By Lauren Bikoff, MLS
Direct costs related to COVID-19 varied widely among plans, but a significant amount of care was delayed or cancelled in the first half of the year.
Even accounting for unplanned expenses due to COVID-19 testing and treatment, overall health care costs are likely to be lower in 2020 than was projected prior to the pandemic, according to experts at a recent Segal webinar. Jason Jossie, associate actuarial consultant at Segal, and Kirsten Schatten, senior vice president and consulting actuary at Segal, noted that most plans are experiencing lower overall costs because of delayed and cancelled care from March through May.
Direct costs of COVID-19. According to Jossie, the direct costs of COVID-19 testing have averaged 1 percent to 4 percent of monthly medical expenses since March. He noted that there are "significant variations" from plan to plan, with some plans experiencing no COVID-19 expenses and some plans seeing monthly plan costs for coronavirus in the 30 percent to 40 percent range.
"Any particular plan’s experience is really contingent on a myriad of factors," he said. "The biggest factor is location. Another factor is the population’s risk factors, and how many plan members have chronic conditions."
Delayed care. Schatten explained the implication of delayed and cancelled care on overall health care costs in 2020. For claims paid January through June, total claims have been down approximately 11 percent, she noted.
"The big question is: what is the pent-up demand, or the long-term implications of the under-utilization of services?" she asked. "We are making assumptions that approximately half of the care that was delayed or canceled from March to May is expected to be rescheduled. We also think that some preventive care or maintenance visits will just be postponed until the next regularly scheduled appointment. But the magnitude of this is definitely uncertain."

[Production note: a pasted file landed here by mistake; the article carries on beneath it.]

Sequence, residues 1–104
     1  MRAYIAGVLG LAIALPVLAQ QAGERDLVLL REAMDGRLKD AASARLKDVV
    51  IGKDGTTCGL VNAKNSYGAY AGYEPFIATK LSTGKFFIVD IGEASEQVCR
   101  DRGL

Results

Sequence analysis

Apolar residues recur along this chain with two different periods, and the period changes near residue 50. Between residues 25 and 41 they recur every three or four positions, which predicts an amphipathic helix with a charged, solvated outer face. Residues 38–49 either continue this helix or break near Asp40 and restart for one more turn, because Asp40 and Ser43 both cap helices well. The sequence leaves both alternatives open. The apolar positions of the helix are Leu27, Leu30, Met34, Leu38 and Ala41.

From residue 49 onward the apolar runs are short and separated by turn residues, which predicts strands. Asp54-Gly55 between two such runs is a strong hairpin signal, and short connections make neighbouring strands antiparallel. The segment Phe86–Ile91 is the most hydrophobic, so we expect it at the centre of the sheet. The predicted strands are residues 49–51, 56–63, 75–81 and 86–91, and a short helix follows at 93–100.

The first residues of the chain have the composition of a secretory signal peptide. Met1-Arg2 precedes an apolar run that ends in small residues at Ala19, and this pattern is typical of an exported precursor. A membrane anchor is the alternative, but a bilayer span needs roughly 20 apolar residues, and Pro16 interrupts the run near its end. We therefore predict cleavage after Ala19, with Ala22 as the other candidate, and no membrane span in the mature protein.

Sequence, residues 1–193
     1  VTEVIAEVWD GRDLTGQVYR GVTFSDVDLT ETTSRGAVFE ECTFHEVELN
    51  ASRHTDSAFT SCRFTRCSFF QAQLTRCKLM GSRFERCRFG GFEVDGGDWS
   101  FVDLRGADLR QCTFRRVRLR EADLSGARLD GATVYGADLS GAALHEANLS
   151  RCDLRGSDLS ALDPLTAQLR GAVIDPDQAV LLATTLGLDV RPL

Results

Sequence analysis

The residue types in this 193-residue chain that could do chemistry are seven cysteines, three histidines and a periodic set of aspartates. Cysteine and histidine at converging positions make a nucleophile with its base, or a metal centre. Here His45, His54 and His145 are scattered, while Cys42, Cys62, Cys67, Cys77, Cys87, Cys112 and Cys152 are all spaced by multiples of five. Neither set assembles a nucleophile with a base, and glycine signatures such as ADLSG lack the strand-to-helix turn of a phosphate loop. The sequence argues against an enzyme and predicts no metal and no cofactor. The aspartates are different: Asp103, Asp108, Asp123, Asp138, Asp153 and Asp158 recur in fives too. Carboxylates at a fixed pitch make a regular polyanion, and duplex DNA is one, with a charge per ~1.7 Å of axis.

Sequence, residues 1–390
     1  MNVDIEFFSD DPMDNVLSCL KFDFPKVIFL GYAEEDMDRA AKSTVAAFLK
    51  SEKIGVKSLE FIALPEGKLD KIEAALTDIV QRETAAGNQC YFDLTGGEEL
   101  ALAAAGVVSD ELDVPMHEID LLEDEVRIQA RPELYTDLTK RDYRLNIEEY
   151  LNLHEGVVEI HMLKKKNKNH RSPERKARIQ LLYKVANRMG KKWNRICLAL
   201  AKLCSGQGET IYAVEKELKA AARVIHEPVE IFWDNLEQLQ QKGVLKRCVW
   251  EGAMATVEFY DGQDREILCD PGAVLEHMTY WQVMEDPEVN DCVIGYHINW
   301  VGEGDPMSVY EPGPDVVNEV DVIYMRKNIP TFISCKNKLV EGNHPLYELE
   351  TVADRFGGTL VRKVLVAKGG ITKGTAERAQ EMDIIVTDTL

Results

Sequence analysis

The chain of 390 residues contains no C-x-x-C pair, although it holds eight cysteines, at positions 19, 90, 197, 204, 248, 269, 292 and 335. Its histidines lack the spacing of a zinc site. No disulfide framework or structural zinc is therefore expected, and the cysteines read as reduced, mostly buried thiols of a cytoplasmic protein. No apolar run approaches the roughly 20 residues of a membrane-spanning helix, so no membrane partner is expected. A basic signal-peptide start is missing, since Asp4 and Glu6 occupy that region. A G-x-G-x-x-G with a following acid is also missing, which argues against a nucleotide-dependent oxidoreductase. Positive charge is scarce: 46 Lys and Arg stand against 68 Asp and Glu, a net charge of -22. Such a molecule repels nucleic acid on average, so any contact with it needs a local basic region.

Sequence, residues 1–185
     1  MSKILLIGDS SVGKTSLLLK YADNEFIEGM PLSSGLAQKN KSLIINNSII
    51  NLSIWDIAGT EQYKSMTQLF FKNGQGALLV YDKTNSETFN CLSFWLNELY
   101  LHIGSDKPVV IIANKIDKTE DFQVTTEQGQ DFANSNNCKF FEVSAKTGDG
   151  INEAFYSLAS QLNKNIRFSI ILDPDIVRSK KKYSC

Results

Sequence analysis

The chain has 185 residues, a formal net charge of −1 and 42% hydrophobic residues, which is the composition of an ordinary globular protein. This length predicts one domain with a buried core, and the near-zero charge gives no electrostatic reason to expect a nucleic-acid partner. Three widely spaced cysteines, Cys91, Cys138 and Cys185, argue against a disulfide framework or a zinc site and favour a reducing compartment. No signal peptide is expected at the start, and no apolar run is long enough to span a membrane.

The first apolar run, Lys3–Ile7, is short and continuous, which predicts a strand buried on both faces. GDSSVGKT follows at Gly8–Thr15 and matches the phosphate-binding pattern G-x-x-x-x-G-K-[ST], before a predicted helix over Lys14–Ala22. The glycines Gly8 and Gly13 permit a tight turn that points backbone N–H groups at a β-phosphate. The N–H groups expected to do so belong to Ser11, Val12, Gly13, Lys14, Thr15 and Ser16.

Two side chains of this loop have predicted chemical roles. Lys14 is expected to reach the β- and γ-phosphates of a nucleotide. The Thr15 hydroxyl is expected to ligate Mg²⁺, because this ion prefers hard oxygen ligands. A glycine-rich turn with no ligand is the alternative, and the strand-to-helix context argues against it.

The result. The indirect savings from delayed or cancelled care is expected to be approximately 3 percent to 7 percent, Jossie noted. "When we add in the direct costs for COVID-19 testing and treatment, health care expenses are expected to be about 1 percent to 5 percent lower than pre-pandemic expectations," he said. "So, if your plan was expecting a 7 percent increase for 2020, now it might be more like 2 percent to 6 percent, depending on your region and the overall health of your population."
Next steps. Fully insured health plans should take action, Schatten said. "Be sure to request premium refunds or premium credits from your vendors," she concluded. "We have seen how much utilization has gone down, so if you were paying a fully insured premium, you should definitely be talking to vendors about getting discounts from them to account for the drop in utilization."
Also, plans should monitor costs monthly, and "consider updating budget forecasts more frequently than you have in the past," Schatten commented. "This is a very fluid situation, with a lot of unknowns."
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